We held our annual Leapfrog Quality Briefing last week. In advance of the event, we asked every hospital CEO or senior quality officer to identify their quality and safety team members so we could recognize and celebrate them. The 293 hospital professionals we honored have been working throughout the pandemic, have modified protocols as needed, and have still remained focused on improving patient safety and quality. We are awed by them and grateful for their commitment.
The virtual gathering was a celebration of their work and also provided a safe space to share both successes and challenges in the efforts to advance quality. Over 230 hospital quality and safety team members and other hospital leadership joined us for the virtual gathering.
We shared best practices and provided an update from Leapfrog on changes in the 2022 Leapfrog Hospital and ASC Safety Survey. We focused on two main topics from the Survey, hand hygiene and health equity. Indeed, unclean hands are one of the primary ways that pathogens spread throughout a health care environment. Those caring for patients must properly clean their hands. Moreover, there is no health care quality without equity. Equitable treatment is a critical component of a high quality, safe health care environment.
On hand hygiene, here are a few highlights:
- The COVID-19 pandemic reminded everyone of the importance of hand hygiene in infection control.
- Given the high volume of patients and intensity of care at times, hand hygiene was challenging but become an engrained team effort. Staff reminded each other even when hands were red and rough from constant washing.
- Enhancing and optimizing a hand hygiene system requires assembling the right team, across all disciplines, early in the process.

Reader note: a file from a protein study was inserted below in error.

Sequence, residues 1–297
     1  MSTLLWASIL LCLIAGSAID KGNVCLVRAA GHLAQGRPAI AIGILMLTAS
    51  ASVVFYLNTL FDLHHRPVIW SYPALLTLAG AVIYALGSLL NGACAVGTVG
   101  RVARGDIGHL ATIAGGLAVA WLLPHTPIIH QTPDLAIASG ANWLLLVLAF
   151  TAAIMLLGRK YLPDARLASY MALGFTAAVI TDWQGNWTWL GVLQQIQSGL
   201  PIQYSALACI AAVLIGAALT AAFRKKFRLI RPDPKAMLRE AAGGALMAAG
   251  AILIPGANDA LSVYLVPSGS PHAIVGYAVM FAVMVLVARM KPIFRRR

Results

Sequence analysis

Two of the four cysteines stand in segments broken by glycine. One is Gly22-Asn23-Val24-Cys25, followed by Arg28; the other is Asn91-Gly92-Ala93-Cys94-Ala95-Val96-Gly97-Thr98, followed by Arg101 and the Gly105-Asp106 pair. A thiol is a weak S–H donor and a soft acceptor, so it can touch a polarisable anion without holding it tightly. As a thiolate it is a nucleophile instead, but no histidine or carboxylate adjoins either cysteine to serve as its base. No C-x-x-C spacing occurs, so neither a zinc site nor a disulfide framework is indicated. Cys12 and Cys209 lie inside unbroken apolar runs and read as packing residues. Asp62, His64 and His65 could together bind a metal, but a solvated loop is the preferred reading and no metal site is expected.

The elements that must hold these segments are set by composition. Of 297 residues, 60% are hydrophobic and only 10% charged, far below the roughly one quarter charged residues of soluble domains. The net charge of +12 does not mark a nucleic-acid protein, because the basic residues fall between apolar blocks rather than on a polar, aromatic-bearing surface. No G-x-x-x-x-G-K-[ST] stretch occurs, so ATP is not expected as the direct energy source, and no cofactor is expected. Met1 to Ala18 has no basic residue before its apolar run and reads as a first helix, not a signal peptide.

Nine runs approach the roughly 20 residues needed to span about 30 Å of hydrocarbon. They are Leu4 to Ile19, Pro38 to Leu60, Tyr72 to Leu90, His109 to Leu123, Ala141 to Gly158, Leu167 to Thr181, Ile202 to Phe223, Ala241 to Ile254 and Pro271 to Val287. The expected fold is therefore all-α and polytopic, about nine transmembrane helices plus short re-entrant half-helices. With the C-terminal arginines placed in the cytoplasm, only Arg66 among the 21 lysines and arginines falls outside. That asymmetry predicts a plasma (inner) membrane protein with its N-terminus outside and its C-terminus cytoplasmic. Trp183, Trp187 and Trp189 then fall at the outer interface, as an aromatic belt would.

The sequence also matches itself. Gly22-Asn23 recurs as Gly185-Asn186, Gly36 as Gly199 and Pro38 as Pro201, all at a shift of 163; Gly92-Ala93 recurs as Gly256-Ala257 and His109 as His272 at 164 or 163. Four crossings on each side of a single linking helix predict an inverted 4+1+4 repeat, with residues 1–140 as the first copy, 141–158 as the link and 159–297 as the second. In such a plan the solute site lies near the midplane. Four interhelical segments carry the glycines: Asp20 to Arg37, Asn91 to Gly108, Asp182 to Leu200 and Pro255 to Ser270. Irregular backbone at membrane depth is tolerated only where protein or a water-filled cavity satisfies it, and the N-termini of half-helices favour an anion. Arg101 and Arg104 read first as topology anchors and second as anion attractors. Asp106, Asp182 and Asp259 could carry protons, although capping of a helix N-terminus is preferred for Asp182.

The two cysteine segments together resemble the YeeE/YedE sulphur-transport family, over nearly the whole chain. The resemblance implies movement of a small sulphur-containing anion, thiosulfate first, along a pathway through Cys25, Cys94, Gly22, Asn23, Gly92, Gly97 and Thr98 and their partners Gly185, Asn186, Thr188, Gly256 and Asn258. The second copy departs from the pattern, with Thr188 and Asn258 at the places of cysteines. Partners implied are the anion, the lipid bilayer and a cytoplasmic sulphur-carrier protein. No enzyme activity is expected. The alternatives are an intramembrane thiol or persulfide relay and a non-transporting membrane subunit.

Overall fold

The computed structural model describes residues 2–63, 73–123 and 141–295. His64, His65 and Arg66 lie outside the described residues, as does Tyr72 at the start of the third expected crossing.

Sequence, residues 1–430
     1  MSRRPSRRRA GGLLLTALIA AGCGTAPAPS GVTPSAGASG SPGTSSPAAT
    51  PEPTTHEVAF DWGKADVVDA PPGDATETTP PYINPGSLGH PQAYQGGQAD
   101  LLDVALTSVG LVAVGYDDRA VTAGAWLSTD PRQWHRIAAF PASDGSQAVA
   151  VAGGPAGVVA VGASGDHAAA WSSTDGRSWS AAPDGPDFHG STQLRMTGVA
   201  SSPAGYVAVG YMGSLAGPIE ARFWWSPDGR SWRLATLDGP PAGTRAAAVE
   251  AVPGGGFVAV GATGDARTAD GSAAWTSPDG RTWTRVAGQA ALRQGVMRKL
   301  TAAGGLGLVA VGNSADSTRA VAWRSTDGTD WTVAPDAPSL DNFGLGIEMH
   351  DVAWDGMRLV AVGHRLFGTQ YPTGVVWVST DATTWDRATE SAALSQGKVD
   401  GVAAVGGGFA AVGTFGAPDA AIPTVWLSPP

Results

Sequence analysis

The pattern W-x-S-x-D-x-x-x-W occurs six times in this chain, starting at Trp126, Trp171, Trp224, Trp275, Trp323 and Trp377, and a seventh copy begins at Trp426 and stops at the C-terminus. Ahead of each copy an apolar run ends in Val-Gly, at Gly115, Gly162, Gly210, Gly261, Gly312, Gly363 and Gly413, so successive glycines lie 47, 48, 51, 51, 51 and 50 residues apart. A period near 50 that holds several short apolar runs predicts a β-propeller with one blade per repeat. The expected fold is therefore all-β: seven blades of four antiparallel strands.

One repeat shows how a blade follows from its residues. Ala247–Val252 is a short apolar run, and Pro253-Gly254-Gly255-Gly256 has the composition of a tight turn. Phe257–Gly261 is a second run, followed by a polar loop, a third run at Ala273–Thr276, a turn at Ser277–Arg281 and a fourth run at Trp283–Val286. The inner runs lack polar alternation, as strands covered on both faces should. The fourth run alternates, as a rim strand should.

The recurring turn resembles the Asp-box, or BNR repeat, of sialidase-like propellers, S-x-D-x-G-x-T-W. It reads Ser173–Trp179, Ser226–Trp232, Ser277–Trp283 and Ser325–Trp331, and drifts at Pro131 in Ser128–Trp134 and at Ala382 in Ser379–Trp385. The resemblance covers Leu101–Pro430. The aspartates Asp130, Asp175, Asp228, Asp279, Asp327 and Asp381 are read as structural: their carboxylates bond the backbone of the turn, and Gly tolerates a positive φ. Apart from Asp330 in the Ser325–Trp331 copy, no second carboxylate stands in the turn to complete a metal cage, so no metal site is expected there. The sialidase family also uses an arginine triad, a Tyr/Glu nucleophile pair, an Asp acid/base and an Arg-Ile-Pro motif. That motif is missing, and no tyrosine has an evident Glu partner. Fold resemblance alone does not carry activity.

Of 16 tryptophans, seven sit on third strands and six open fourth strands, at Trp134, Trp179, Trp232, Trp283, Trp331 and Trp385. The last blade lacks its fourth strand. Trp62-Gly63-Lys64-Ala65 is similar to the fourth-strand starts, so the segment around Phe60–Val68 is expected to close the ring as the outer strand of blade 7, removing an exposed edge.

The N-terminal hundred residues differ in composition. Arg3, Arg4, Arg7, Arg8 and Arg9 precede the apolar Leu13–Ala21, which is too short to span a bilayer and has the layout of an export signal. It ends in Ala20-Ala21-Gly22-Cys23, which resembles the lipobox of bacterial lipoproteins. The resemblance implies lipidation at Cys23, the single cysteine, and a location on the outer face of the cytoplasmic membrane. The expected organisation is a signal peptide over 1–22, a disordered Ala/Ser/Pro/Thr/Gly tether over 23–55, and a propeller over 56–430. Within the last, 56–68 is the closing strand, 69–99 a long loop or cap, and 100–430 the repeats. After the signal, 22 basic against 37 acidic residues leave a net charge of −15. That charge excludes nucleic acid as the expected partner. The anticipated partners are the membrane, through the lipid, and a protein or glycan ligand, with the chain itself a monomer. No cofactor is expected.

- Health facilities are moving toward hand hygiene electronic monitoring systems. Health care leaders said the data collected must be used in a way that supports staff members and patients, and that electronic monitoring can provide insight into a facility’s overall system of hand hygiene.
On health equity, the panelists agreed that they are at the beginning of their journey on collecting, verifying, and using self-identified data on race, ethnicity, preferred language, and sexual orientation. Last year Leapfrog asked hospitals to report on their health equity activities. This year, the survey responses will be publicly reported.
Missy Danforth, Vice President of Health Care Ratings at The Leapfrog Group, explained to the attendees that while Leapfrog recognizes the breadth of the issues surrounding health care disparities and social risk factors, Leapfrog is asking them to focus and report on disparities within their own facilities. “We are focusing on things that happen to patients once they are in the hospital,” Danforth told those attending the breakfast. Danforth also outlined:
- In 2021, Leapfrog added a new set of unscored questions to the Leapfrog Hospital Survey and ACS Survey. The questions focused on collection of self-identified data on race, ethnicity, primary language, sexual orientation, and gender identity.
- The survey asks if hospitals have stratified the data, and if they have evaluated it to improve quality.
- Significant refinements to the questions will be published in early March after interviews with hospital safety leaders led Leapfrog to clarify questions.
The expansion of the Leapfrog survey will further engage hospitals in the important work of addressing health equity. Hospitals, and others in health care, can best address health inequities by having the data to provide insight on where they need to improve.
In New Jersey, we have 100 percent participation in the Leapfrog Hospital Survey — a commitment to transparency that translates into a focus on safer hospitals for patients. Now we must move into gathering a better understanding of how performance on the safety measures breaks out by demographic data; where there are inequities; and on the need for action to address them.
I want to thank the panel participants at the briefing: Eloise Valencia, MSN, RN, APN-BC, CIC, manager of the Infection Prevention program at Chilton Medical Center, Atlantic Health System; Amy Mansue, President and Chief Executive Officer of Inspira Health; and David May, MD, MBA, FACS, Vice President and Chief Quality & Safety Officer at Jefferson Health.
Please check out and share our list of 293 Garden State Leaders in Hospital Safety and Quality.